The Alliance to End Plastic WasteExxonMobil is a founding member of the Alliance to End Plastic Waste, which is focused on developing safe, scalable and economically viable solutions that will help end plastic waste in the environment. The Alliance aims to accelerate additional investment by proving the effectiveness of these plastic pollution solutions, particularly in markets with the highest levels of plastic waste. Among its many initiatives, the Alliance is providing funding to Project STOP Jembrana, a group helping communities in Bali to prevent 2,200 tons of plastic waste leaking into the environment each year, while collecting and processing an additional 18,000 tons of waste annually. Another project, Closing the Loop, helps Ghanaian communities collect and sell plastic waste, which is then reused to create household products and building materials. The Alliance’s membership has grown to include nearly 50 organizations from all over the world, representing the chemical industry, waste management companies and consumer brands. Have a look at the other great projects the Alliance is working on .
Working together to reduce plastic waste﷽ More than just acknowledging the challenge of plastic waste in the environment, we at ExxonMobil are taking actions to help address it by increasing plastic recyclability, supporting improvements in plastic waste recovery and working on technological solutions. For us, a company of engineers and scientists, this means providing practical solutions and using our technical expertise and experience – something we have been doing successfully for more than 135 years. We can’t go it alone, though. It is essential for industry, governments, consumers and others to work collaboratively to ensure the appropriate collection, sorting, recycling and recovery of plastic pollution. Every partner within the plastics value chain will need to focus on what they do best. I’m convinced that if we all work together, we can continue to enjoy the benefits of plastics – from our leisure pursuits to our safety and health – while preventing leakage of plastic waste into the environment.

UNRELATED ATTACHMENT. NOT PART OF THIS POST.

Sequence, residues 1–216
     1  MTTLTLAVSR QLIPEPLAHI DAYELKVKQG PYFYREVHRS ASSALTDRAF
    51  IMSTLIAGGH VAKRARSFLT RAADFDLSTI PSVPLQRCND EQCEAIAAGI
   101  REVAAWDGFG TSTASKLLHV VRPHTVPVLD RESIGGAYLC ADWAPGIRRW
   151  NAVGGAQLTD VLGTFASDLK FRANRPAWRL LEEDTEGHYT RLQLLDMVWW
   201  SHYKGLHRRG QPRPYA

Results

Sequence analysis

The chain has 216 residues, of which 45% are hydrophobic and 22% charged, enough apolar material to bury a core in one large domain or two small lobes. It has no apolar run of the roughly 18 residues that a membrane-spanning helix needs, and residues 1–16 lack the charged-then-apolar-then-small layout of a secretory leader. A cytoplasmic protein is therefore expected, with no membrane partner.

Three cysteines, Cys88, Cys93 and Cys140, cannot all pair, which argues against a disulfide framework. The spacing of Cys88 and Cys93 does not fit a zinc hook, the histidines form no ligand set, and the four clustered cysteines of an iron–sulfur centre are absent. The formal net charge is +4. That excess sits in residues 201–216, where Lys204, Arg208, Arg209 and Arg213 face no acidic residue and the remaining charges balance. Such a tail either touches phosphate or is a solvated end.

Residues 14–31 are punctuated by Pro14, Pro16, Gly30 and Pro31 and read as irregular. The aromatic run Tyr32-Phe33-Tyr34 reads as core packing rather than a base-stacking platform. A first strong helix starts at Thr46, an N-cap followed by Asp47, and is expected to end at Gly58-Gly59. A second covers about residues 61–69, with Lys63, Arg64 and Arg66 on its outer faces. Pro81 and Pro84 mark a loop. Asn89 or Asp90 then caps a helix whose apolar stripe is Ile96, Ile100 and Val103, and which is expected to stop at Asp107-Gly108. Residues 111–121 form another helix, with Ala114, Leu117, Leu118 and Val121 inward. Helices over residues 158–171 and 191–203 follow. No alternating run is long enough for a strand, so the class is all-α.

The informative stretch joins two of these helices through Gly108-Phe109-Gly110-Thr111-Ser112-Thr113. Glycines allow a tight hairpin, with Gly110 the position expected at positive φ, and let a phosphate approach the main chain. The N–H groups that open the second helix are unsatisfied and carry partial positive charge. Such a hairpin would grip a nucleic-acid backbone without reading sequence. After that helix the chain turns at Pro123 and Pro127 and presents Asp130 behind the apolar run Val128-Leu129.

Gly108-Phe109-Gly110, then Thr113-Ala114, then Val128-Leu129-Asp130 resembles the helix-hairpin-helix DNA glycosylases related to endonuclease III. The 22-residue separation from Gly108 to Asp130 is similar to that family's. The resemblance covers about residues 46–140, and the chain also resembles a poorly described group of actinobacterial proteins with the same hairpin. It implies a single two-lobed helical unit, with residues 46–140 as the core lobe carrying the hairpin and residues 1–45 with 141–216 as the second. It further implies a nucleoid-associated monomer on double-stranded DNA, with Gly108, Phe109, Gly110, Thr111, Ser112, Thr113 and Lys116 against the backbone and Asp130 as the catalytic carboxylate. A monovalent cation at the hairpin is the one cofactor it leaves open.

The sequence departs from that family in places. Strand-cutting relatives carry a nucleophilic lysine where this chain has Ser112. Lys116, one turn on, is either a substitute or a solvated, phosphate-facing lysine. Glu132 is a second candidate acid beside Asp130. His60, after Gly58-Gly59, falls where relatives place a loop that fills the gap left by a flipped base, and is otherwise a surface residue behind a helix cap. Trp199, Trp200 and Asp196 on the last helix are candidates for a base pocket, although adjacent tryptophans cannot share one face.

Solving the dual challenge: It takes patience and passionExxonMobil’s role in helping society meet the dual challenge is to supply the affordable and reliable energy the world needs while reducing environmental impacts. Doing that takes long-term research and a dedication to turning promising innovations into scalable solutions.
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Pioneers of innovation: The battery that changed the worldIf you are reading this on a phone, tablet or laptop, you should probably thank Dr. M. Stanley Whittingham. In the 1970s Dr. Whittingham was working at ExxonMobil’s Clinton, New Jersey, corporate research lab when he created the very first examples of a radical new technology: the rechargeable lithium-ion battery.